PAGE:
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Mobile Apps Score At Wimbledon
IBM Uses Location, Twitter, And Augmented Reality
To Create Amazing Fan Experience

wimbledon_logo2.jpgFor those of you lucky enough to have attended a Grand Slam tennis championship at Wimbledon, you’ll know that it is a wonderful, though sometimes confusing experience.

This year IBM decided to take advantage of the newest mobile technologies to make the event even better. See how they combined location awareness, augmented reality, and twitter feeds to provide a unique branded utility to help fans better enjoy the event.


The championships at Wimbledon can be a bit overwhelming and confusing. With numerous matches being played simultaneously on a dozen tennis courts, plus a wide variety of restaurant and hospitality options, plus many thousand enthusiastic fans, it is not always easy to find your way around or to keep track of what is happening at the moment.

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The Project

IBM has been a sponsor of Wimbledon for almost 20 years, providing realtime scoring and statistics information for onsite use and for distribution over the web to fans around the world.

This year IBM decided to apply leading edge mobile technology to transform the experience of the attendees at the event. Partnering with agency OgilvyOne London, mobile specialist agency XS2TheWorld, and technology provider Mobilizy, they created two very interesting applications.

The Seer Twitter Aggregator

This downloadable Java app provided an easy to use, consolidated source of information about things going on at Wimbledon. It aggregated twitter feeds from press, from players, and special “IBM Scouts” into a single channel which could be easily filtered to focus just on the information that the fan wanted to know.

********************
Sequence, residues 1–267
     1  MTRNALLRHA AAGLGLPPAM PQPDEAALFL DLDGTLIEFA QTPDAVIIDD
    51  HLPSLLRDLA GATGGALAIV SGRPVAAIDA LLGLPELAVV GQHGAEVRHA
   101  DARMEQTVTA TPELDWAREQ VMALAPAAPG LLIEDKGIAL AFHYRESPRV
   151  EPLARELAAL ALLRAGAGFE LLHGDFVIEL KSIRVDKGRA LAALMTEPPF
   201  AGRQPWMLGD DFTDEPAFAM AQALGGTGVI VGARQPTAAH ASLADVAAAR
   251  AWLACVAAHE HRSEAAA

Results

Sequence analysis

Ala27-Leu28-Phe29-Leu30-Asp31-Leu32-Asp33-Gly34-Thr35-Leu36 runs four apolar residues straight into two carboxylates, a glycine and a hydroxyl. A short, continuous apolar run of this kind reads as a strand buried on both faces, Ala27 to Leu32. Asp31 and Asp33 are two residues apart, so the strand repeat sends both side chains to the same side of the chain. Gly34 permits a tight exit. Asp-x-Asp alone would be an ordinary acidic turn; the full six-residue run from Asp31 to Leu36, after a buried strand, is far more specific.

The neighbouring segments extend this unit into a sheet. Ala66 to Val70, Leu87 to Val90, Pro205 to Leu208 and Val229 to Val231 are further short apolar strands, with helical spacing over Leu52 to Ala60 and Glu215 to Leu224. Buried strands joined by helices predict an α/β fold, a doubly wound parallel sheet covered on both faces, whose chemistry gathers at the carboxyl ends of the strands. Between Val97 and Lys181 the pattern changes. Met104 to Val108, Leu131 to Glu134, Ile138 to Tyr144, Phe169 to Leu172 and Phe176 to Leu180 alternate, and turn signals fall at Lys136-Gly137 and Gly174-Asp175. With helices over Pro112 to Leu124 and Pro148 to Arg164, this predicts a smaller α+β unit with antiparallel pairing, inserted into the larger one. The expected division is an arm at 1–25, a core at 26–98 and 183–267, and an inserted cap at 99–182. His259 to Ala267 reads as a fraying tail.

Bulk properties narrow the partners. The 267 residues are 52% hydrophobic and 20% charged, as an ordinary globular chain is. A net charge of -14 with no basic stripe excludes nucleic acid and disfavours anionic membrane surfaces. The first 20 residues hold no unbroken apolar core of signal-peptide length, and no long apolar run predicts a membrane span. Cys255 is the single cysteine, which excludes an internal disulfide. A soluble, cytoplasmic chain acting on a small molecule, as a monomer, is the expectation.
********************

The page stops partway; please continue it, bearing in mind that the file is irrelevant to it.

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The Scouts were a number of people that IBM brought onsite at the tournament in order to provide realtime information about queues at restaurants, availability of seating in various stadiums, taxi lines, comments on match play, etc. This information was fed through Twitter and could be easily followed through the Seer application.

Here is part of the actual twitter feed from the Scouts on the final day of Wimbledon. In each case the blue hashtag on the left identifies where the tweet was sent from. Overall, this provides an interesting chronicle of events at the tournament (it reads from the bottom up, as the newest entry is always placed on the top).

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The Seer Android Beta

This second part of the campaign was an application that provided information about various points of interest at the event. These includes the tennis courts, restaurants, transport links, etc. The application was designed for the Android G1 or G2 phone, and utilized the GPS location capability and the compass of the G1 to present this in a unique way to fans at the tournament.

Here’s how it worked: